Nobody could attract women like James Bond. They just couldn't resist his manly qualities, like his penchant for dodging bullets, or leaping from airplanes.
Well, those old Bond movies look kind of silly these days, especially the dim-witted female characters who fawn all over Bond at the drop of a hat. There's something interesting going on here. The suggestion seems to be that males who take risks are more attractive to females.
Studies done on another species, guppies, suggest just such a mechanism for the attractiveness of risk-taking. Researchers Lee Dugatkin and Jean-Guy Godin noticed a fish equivalent of risk-taking behavior. When a predator is introduced into the tank, male guppies swim up to it. The females watch from a distance. The guppy that swims closest to the predator, without being eaten, is then regarded as more attractive by the females. It gets more mates.
To see how strong this effect was, Dugatkin and Godin placed two male guppies in little transparent containers that could be moved around by wires. One guppy was less brightly colored than the other. Although female guppies usually choose the brighter colored of two males, when the dimmer guppy was moved closer to the predator, females chose him over the brighter alternative.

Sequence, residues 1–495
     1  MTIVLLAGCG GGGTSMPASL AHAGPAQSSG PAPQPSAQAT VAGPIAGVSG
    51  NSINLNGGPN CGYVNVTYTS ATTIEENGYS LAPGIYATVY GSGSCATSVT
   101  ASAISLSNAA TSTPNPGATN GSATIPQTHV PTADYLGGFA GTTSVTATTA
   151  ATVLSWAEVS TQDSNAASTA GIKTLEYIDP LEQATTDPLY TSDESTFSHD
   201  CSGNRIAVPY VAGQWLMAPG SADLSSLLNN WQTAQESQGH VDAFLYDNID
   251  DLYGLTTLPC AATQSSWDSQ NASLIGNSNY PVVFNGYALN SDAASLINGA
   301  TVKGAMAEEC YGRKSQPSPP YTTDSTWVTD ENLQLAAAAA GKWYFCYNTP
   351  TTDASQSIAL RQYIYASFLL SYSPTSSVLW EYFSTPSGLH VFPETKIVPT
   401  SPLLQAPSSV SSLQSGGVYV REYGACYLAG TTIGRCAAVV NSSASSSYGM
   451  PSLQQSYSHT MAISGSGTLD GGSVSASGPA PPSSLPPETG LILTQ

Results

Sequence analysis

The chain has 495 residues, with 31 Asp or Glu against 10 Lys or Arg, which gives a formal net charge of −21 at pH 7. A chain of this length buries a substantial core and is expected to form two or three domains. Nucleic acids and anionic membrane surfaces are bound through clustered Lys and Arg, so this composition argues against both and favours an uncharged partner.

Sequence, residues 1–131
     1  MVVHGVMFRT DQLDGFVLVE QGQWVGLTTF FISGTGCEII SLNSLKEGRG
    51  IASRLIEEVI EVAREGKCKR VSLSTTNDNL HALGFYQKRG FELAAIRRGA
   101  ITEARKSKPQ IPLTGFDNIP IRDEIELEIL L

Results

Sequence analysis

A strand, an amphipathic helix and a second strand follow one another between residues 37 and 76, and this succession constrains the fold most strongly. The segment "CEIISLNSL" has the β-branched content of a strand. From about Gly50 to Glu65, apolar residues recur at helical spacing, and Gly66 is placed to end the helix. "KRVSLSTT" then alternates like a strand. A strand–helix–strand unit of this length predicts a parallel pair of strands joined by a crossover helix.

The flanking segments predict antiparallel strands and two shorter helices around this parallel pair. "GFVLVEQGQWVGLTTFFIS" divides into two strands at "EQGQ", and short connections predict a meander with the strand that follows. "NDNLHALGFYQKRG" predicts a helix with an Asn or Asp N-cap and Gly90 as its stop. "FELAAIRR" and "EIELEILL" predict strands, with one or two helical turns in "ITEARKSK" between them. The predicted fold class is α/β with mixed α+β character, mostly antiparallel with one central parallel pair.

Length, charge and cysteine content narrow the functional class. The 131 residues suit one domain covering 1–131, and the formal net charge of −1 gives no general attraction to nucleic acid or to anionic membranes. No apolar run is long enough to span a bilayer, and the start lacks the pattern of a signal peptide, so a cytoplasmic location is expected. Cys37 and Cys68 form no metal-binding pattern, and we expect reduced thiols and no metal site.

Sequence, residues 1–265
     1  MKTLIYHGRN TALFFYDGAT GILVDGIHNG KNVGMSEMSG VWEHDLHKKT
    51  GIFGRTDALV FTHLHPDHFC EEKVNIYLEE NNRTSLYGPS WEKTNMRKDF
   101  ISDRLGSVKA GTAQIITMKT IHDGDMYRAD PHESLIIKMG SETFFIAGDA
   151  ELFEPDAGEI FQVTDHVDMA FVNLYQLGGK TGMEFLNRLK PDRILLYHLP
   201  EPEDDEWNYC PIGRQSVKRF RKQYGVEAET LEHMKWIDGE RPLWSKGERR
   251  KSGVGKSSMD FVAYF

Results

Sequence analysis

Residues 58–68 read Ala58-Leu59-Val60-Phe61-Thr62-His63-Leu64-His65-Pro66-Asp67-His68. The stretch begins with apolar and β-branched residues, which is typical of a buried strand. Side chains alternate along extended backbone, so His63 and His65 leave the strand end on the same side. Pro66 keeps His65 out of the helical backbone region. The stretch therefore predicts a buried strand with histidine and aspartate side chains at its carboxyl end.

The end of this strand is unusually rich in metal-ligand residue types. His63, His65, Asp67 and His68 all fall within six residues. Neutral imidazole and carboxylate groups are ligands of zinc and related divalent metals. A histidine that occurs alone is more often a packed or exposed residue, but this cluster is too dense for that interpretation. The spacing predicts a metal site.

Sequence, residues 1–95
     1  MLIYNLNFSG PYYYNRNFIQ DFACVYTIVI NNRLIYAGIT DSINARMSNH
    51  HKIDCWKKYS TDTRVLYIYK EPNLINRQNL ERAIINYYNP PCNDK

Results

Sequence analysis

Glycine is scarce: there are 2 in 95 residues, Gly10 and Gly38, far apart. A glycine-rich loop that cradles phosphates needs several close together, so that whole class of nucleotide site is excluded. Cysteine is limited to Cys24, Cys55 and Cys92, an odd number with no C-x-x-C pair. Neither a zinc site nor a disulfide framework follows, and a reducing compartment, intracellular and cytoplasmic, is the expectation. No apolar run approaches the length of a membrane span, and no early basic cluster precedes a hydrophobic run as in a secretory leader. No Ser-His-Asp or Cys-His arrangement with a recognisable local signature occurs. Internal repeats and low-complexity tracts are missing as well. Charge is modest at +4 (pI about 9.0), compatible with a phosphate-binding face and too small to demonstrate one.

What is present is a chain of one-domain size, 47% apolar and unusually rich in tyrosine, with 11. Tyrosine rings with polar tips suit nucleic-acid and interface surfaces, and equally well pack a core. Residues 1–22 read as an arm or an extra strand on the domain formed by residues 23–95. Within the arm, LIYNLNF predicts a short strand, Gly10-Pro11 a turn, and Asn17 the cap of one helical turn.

This is a dangerous game for males to play, but has its advantages for females. The guppy that takes greater risks and still zooms away has demonstrated that he is the faster, more physically fit guppy. He will probably give healthy offspring.
Smarts, of course, is another issue.